In Predictably Irrational, Ariely talks about following the herd, and how sometimes our own past actions can be the herd – self herding.  (For example, if you stop at Starbucks for a $4.00 Latte several times (even under extenuating circumstances), you may decide that you are the kind of person who purchases and enjoys $4.00 coffee beverages.  Further stops at Starbucks happen not because you decide you want to stop, but because that’s just what you do.

In The Upside of Irrationality, he experiments with short term emotional decisions.  Sometimes emotion leads us to make a DECISION.  A DECISION (as opposed to just a decision) guides future behavior.   He uses the Ultimatum Game.  In this game, some money is given to a pair of players.  One player (the sender) divides the money and the other player (the receiver) decides whether to accept the division.  If he does not accept the offer, both players get nothing.  Rationally, the sender could divide $20 so that he gets $19 and the receiver gets $1.  If the receiver accepts, he’s $1 better off.  However, this generally offends the receiver’s sense of fairness and he would rather have nothing than let the sender get away with such injustice.

Enter the twist.  Ariely and company manipulated the receiver’s emotional state so that they felt happy/generous or sad/angry, and then rigged the sender’s offer to be unfair.  Not surprisingly, this changed the receiver’s  behavior.   When primed to be forgiving, they were likely to accept an unfair offer.

Now, the receiver was given the role of sender.  It turns out that the subjects tended to apply their primed receiver emotions in their role as sender.  If they were generous as receiver, they tended to assume, as sender, that their receivers would also feel generous, so they made stingy offers.  This is a systematic misapplication of experience.

Very interesting, but I fail to see the personal upside, save that I can personally watch myself and try to avoid the error.

The bottom line here is that we tend to make permanent behavioral changes based on decisions influenced by short term emotion.  Not rational.

The Bottom Line

Go read Predictably Irrational.  If you really like it and want more, read The Upside of Irrationality.

The Stand-up Economist

Tuesday, January 26th, 2010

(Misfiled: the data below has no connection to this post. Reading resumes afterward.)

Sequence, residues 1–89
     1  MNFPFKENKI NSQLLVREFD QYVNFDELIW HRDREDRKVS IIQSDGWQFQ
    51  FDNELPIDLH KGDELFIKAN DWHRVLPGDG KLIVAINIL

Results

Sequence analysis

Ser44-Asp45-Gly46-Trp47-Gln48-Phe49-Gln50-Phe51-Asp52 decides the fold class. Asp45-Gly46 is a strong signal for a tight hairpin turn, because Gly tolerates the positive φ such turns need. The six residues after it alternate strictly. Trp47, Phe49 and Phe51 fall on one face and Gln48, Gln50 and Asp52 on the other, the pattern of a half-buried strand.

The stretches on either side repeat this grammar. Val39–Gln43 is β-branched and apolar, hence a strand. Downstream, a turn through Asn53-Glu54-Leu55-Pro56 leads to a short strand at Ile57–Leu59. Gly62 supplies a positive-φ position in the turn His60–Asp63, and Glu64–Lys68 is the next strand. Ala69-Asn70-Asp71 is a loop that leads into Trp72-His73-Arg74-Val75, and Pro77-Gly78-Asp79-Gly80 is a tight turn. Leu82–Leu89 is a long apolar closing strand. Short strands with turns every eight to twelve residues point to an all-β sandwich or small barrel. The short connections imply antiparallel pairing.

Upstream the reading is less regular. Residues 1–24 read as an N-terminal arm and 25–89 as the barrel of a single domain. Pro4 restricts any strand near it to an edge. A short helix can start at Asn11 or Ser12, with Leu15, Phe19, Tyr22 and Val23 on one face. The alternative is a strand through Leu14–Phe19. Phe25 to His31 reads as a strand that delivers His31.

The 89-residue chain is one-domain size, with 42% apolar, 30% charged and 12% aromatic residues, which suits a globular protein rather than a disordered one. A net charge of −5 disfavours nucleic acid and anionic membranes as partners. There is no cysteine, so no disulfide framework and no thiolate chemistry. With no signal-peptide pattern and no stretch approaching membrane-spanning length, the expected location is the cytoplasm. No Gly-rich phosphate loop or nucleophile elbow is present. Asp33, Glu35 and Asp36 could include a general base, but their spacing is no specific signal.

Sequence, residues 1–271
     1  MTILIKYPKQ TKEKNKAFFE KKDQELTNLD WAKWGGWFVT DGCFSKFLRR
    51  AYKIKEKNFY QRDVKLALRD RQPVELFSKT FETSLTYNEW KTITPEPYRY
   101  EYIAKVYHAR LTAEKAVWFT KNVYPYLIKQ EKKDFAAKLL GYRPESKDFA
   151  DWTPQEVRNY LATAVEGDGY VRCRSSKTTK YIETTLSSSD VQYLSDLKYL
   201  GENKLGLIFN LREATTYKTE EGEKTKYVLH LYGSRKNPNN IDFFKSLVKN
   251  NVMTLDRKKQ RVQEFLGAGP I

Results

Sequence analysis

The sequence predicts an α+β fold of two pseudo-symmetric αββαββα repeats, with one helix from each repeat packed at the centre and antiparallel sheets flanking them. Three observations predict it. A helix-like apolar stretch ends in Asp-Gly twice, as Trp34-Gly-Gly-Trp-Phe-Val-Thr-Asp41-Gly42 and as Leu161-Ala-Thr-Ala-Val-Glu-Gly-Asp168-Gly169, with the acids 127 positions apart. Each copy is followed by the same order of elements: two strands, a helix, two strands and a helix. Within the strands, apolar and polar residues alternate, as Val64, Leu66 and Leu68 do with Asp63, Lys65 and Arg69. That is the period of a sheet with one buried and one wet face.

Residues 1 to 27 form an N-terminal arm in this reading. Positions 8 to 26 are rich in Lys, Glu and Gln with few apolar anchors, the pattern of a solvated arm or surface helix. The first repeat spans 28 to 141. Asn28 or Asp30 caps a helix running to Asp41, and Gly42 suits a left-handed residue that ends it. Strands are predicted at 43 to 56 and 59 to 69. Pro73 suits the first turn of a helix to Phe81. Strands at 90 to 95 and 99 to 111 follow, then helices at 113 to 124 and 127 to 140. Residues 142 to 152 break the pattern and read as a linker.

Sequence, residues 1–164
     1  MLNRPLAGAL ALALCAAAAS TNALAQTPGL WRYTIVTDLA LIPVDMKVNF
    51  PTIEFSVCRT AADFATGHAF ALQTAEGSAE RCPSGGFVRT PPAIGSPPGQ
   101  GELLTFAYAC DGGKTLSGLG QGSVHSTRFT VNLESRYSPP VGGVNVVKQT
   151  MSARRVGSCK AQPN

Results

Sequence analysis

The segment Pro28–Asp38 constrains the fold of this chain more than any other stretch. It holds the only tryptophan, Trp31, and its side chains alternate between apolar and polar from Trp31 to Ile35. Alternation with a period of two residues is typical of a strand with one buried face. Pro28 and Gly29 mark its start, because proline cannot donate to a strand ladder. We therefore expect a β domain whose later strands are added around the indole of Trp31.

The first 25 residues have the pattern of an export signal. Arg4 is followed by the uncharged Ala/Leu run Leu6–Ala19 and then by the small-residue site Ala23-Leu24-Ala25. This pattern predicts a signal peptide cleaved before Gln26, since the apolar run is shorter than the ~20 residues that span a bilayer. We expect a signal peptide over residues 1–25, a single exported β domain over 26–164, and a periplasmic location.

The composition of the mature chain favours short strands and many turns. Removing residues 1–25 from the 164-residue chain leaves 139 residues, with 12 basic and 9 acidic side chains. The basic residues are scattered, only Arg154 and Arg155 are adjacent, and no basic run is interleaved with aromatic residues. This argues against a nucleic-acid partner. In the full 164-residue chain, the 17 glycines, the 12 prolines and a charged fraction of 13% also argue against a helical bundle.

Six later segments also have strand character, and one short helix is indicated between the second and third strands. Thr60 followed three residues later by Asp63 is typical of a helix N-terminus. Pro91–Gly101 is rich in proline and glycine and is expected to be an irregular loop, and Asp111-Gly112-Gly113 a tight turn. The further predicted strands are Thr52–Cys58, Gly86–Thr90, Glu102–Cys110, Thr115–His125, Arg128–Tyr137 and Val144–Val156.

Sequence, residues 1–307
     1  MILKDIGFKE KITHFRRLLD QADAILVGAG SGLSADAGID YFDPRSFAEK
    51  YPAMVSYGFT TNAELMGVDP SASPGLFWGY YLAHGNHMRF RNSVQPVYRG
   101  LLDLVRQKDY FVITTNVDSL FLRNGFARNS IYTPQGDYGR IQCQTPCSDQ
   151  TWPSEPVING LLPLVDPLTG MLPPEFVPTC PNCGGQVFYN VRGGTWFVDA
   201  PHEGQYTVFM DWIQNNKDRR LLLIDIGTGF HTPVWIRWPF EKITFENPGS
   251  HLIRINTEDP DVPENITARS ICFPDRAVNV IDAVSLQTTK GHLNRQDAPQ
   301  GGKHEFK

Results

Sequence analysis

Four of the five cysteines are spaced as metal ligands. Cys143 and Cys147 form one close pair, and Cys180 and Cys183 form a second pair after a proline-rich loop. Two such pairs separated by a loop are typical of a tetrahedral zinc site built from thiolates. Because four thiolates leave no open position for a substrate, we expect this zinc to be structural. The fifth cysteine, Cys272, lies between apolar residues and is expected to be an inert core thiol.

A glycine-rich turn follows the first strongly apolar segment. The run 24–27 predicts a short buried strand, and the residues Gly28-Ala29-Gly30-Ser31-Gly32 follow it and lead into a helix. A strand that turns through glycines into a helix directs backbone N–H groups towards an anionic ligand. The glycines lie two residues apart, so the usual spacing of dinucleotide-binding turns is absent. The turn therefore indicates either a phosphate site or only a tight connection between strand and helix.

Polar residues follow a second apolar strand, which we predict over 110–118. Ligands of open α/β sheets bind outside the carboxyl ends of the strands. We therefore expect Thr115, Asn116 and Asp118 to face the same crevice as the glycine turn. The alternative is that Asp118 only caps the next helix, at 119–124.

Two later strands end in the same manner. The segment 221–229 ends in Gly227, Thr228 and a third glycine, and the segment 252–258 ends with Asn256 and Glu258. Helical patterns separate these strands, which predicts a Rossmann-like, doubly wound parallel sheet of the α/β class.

I may not be ahem completely normal, but I really enjoyed this video.

Yoram Bauman, the stand-up economist translates Mankiw’s ten principles of economics into English.

principles-of-economics.PNG

“Microeconomists are people who are wrong about specific things.  Macroeconomists are wrong about things in general”

If you liked that one, you might also enjoy this one.

My favorite line: “One of the challenges of being an economics comedian is that it’s very difficult to find places to practice.”  No kidding.
At about 3:30, he compares the current economy to a hamster.

On this topic, I highly recommend several economics books I scored when my wife got them from the library.  All make excellent in-the-car listening.  No really.

I never managed to take Econ in college.Basic Economics was clear, concise, well read (in audio), and fascinating.
The Housing Boom and Bust The Housing Boom and Bust.

More on economics, but using the 2009 housing bust as a framework.  Again, really interesting.

Applied Economcs: Thinking Beyond Stage One

I’m cheating to put this one up because I haven’t finished it yet.  I listened to parts of several CDs of the audio version, and so far it sounds just as riveting as the others.

It should be required reading for all voters.

200% of Nothing

Sunday, December 13th, 2009

200% of Nothing, by A. K. Dewdney turns out to be a quick but interesting read.  The subject is “Innumeracy”; the mathematical equivalent of illiteracy.  He, and others, have a good point about innumeracy in America.  We accept, and even celebrate, mathematical ineptitude in a way that is horrifyingly inconsistent with the way we feel about illiteracy.  Contrast the comment “I’m just not a math person” with any similar statement about the inability or unwillingness to read.

Dewdney uses a collection of anecdotes to illustrate a number of the traps we fall into.  It is a decent introduction to ways you can be manipulated if you need it, and the anecdotes are entertaining if you are already well versed.  However, the book is a  bit superficial, and I suppose it is telling that I did end up with pages of notes on the interesting bits, as I have with most of the books I’ve read recently.